Marketing Strategy

You’ve written your annual marketing strategy and your channel and content plan. You’ve primed your social media managers to engage with your audience, added new landing pages to your website and finalised your key marketing messages and campaign brand guidelines for the year. You’ve secured your delivery budget, recruited a new copywriter and trained the team on the latest online marketing techniques. Unfortunately, one thing is missing; your overriding objectives and targets for the year ahead!

Blind delivery fails to demonstrate value

Even the most experienced marketing teams often operate without a clear set of objectives and marketing KPIs with which to guide their activity. Marketing management is often so focused on the delivery of tactics, that the hard side of measurement becomes overlooked. When this occurs, it is impossible for the marketing function to provide its value to the business and to justify resourcing and budgetary spend requirements.

Where the problems occur

Some of this may be down to a fundamental misunderstanding about the role and purpose of marketing as a function. Many business leaders will still view it as a creative function that serves to produce graphics, promotional materials and sales copy, and to develop the new customer-facing digital marketing assets within the organisation. In some SMEs in particular, it may be viewed as the slightly more ‘fluffy’ function that comes up with innovative ideas and events for customer engagement.

Of course, this profoundly underestimates the transformative nature of good marketing. It would be accurate to say that most modern businesses do, in fact, need to become marketing organisations with the function at the core of every decision they make. This will increasingly become the case in markets dominated by flexible, informed, mobile and switch-ready customers who expect the finest service and experiences from the brands they decide to engage with.

The central role of marketing measurement

So with marketing at the heart of modern business, it is essential to measure its activities and progress. Without measuring marketing management, processes and delivery, the team responsible for marketing and communication cannot be effectively managed. Furthermore, the budget can never be fully justified, and much effort will invariably be wasted. This situation becomes even more pronounced when digital marketing methods are called into play.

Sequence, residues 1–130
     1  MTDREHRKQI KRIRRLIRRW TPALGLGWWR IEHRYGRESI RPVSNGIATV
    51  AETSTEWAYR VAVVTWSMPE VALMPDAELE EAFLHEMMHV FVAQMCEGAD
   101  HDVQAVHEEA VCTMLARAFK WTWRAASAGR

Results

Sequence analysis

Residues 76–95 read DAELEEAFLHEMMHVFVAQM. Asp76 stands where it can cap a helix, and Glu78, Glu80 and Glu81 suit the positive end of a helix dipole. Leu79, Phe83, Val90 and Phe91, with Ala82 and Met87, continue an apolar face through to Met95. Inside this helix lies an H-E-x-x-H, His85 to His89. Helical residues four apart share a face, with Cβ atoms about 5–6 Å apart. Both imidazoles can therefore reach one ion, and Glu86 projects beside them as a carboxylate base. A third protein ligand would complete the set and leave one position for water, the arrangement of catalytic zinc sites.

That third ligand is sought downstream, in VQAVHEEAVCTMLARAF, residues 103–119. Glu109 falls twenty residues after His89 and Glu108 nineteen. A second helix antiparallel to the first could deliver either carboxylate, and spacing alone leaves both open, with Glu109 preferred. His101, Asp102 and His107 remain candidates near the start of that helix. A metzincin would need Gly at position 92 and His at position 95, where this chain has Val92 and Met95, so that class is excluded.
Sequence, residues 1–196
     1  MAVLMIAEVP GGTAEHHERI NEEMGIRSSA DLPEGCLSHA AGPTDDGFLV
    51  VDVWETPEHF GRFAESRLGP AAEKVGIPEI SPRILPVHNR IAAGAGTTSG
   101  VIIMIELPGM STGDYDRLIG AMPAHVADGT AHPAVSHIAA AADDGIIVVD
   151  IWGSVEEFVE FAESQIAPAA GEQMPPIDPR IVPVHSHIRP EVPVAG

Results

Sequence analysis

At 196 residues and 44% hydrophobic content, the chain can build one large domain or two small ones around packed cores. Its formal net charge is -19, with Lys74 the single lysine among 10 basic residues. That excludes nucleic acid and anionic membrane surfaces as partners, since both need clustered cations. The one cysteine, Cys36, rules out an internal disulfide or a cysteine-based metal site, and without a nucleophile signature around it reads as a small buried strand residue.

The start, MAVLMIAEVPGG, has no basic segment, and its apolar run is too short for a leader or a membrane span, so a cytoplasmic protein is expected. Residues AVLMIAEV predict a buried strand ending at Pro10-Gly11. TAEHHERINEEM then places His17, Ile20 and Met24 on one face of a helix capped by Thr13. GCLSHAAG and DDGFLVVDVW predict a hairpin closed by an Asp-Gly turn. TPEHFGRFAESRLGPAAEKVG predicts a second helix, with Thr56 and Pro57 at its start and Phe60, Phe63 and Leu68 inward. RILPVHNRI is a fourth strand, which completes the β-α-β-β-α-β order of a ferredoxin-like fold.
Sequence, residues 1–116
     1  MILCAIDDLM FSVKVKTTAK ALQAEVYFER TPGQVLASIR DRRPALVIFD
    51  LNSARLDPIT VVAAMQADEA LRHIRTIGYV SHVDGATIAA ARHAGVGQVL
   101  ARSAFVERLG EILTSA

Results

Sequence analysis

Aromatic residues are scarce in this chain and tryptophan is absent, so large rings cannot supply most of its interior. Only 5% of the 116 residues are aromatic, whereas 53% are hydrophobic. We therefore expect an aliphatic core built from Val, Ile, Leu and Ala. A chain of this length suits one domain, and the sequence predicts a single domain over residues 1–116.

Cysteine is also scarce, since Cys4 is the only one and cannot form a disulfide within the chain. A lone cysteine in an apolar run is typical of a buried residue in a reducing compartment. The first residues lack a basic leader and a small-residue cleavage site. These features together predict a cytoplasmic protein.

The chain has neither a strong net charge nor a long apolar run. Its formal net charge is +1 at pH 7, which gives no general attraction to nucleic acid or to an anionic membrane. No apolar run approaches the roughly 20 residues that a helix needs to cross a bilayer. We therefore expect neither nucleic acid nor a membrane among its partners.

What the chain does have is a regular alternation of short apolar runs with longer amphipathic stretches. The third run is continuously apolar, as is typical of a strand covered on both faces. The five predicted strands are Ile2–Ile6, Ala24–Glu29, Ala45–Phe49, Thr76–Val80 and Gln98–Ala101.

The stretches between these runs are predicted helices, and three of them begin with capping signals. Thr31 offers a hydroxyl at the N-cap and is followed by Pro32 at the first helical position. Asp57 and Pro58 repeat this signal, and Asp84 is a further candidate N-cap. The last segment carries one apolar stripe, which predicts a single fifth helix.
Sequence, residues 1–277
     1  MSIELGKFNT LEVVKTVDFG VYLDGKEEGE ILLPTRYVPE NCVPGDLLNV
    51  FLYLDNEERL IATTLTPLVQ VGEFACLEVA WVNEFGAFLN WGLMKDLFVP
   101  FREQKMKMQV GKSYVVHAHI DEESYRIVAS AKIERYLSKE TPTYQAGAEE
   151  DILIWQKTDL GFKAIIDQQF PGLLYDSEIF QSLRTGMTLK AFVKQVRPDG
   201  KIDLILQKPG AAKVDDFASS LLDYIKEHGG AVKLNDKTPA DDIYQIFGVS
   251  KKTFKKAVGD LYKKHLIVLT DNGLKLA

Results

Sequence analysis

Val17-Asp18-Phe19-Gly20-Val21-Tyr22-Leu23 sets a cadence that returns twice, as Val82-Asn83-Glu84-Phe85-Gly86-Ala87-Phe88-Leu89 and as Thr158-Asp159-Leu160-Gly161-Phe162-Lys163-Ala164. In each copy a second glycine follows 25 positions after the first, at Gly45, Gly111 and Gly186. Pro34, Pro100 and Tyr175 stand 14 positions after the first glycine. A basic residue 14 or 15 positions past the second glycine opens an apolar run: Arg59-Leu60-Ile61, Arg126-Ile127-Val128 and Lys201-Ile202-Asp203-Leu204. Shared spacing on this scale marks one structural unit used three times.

Unrealistic targets vs no targets at all

A lack of targets isn’t the only issue. Of those businesses that do at least set some targets for their marketing function, there is often a danger in setting them unrealistically. A marketing team cannot change the fortunes of a company overnight – especially with a limited budget. They can, however, use their budget in a way that brings about a target ROI, and a series of hard and soft KPIs that span online conversions through to brand recognition measures.

A smarter way forward

Today’s connected world makes it far easier to set meaningful, appropriate targets, to measure progress in an easy way and to deliver stronger, more targeted marketing activity for defined outcomes. Today’s marketing managers need to develop advanced skills in measurement and analysis of activity – using digital methods to constantly refine delivery plans and tactics and to ensure that the strategy is reaping the desired rewards.

With these hard and soft measures in place – a dashboard of evidence – marketing managers and directors are suddenly enabled to have powerful conversations at a decision-making level of the organisation, demonstrating their role in driving the business and supporting its direction. The fundamental value of marketing as a function becomes clear and proven.

Where to start?

The first step lies at the strategic level of marketing planning, and this is where the marketing strategy workshop provides real value. Last year’s tired marketing plan template is very unlikely to bring the results that the business needs, especially in an accelerating digital business world. Marketing strategy must also be informed wholly by the business broader business plan and objectives, which will change each year. The ultimate marketing strategy will be designed around these objectives and use methods of product, place, pricing, process, promotion, people and PR (the classic ‘P’s of marketing) to systematically take the product or service to market.

From this main starting point, appropriate and clearly defined targets can be created at delivery level, which clearly support the business’s broader targets and objectives and which can be obviously linked back to the business strategy.

Take the first step

At Intrafocus, our experienced facilitators help businesses to create successful strategies for today’s challenging business world. Our strategy workshop format is the first step in shaping a business response to the challenges and opportunities that lie within your marketplace. It will guide your business leaders through the issues and decisions required to position you for long-term competitive advantage. Find out more about our 3-morning Strategy Workshop today.